Muybridge and the Riddle of Locomotion (Hardback)Marta Braun (author)
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Publisher: Firefly Books Ltd
Number of pages: 32
Weight: 522 g
Dimensions: 229 x 254 mm
A short but well-focused presentation on Muybridge, who earned a place in the history of photography and cinematography.--Carolyn Phelan"Booklist" (12/01/2013)
Lenticular plates add an appropriately eye-catching gimmick to this quick profile of the 19th-century photographer whose sequential photographs of a horse galloping established that during its stride, all four hooves left the ground...The full sets of stills from which the plates are drawn along with sequences of other characteristic subjects--from the galloping horse that first made him famous to a flying bird and a winsome child picking up a doll--are included too.... [Braun's] account of Muybridge's career and achievements offer a clearer sense of why his photos are still worth studying for what they reveal about animal and human movement. Not to mention that they're entertaining to pore over. As he regularly rates mention in histories of early filmmaking but almost never anywhere else, his work may be new to young readers and viewers... A rare glimpse of a historically significant visual artist who also plainly had a well-developed sense of fun.-- (12/01/2013)
Those fascinated with technical innovations and who want to learn more...will want to pick up Muybridge and the Riddle of Locomotion by Marta Braun. Braun, a historian who specializes in the origins of motion pictures, explains the significance of Muybridge's fast photography. Starting with his discovery and documentation of how animals and people run, Braun uses accessible language, reproductions of classic Muybridge photos and lenticular pictures (ones which appear to move, as if by magic, on the pages of the book) to highlight concepts Muybridge made it possible for us all to see.-- (11/24/2013)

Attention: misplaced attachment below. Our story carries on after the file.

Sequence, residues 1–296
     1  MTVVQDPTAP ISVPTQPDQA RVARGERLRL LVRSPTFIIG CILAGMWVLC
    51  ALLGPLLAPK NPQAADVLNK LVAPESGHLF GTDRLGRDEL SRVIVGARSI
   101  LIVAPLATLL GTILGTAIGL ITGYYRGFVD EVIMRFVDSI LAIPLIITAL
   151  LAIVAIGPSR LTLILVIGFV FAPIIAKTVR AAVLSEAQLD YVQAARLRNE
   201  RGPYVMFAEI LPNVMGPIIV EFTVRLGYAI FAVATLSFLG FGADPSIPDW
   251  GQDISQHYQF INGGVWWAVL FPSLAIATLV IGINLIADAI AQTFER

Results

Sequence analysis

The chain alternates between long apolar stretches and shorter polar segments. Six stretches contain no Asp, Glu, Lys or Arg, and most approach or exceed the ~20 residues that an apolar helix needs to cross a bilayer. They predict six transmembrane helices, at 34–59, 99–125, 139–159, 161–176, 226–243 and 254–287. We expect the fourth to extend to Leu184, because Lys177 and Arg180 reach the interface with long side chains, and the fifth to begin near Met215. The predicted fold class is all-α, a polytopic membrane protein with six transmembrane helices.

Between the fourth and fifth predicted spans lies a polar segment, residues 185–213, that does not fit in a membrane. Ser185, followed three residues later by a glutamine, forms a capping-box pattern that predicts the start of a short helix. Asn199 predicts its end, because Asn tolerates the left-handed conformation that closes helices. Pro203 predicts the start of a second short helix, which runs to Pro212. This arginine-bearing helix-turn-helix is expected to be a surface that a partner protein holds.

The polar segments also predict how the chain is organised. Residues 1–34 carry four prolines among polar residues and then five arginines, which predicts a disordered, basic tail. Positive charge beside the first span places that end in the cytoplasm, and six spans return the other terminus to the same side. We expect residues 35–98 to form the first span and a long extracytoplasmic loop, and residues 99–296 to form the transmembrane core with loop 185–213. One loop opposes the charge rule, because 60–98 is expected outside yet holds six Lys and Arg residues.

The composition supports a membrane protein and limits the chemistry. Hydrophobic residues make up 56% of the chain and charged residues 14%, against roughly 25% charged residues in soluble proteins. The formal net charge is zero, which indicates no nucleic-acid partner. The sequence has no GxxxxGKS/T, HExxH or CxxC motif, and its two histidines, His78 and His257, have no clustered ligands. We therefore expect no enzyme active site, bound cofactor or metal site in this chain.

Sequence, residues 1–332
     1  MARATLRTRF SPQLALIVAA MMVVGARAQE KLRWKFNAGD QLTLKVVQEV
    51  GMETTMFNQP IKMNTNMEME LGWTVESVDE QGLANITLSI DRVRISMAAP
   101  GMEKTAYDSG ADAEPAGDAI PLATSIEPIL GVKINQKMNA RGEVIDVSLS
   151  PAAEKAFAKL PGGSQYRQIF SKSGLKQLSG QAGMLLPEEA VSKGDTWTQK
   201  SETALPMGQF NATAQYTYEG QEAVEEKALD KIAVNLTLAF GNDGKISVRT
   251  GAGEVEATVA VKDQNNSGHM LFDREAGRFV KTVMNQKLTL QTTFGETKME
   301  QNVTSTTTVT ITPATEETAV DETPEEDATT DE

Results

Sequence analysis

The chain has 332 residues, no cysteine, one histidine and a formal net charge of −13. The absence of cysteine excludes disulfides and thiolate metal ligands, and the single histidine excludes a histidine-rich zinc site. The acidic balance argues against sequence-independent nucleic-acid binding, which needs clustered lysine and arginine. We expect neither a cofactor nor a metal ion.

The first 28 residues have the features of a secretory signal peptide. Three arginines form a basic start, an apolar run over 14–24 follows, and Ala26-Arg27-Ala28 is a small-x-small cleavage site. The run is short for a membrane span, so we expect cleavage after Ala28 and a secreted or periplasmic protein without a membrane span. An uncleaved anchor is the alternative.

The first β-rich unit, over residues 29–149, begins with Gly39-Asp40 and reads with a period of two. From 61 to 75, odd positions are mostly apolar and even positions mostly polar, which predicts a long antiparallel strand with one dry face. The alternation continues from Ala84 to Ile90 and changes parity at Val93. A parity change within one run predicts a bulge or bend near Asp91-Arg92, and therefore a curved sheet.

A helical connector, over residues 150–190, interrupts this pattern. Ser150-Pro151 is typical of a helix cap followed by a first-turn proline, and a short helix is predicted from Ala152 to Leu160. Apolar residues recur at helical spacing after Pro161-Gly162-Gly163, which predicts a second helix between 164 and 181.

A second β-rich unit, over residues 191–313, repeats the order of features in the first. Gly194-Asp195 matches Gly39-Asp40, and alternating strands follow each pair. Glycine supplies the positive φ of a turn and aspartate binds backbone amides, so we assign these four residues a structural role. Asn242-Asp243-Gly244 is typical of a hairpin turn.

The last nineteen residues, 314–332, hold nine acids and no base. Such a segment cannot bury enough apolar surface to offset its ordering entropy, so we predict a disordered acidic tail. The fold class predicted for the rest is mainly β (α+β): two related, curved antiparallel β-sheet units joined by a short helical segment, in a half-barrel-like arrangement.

For artists and illustrators, Eadweard Muybridge changed everything. The photographic work he did in the early days of photography helped us understand ourselves better, not to mention the world around us. Finally, through the amazing still photographs he took in series -- horses at high speed, people walking, running, boxing, riding -- were mysteries solved in viewing his photos. Questions people had always asked were answered conclusively. Later he would invent the Zoopraxiscope, his projecting magic lantern so people could view the results of his experiments: moving pictures! Marta Braun has captured all of this beautifully in a book appropriate for kids nine and up. (But adults will enjoy it, too!)-- (12/23/2013)
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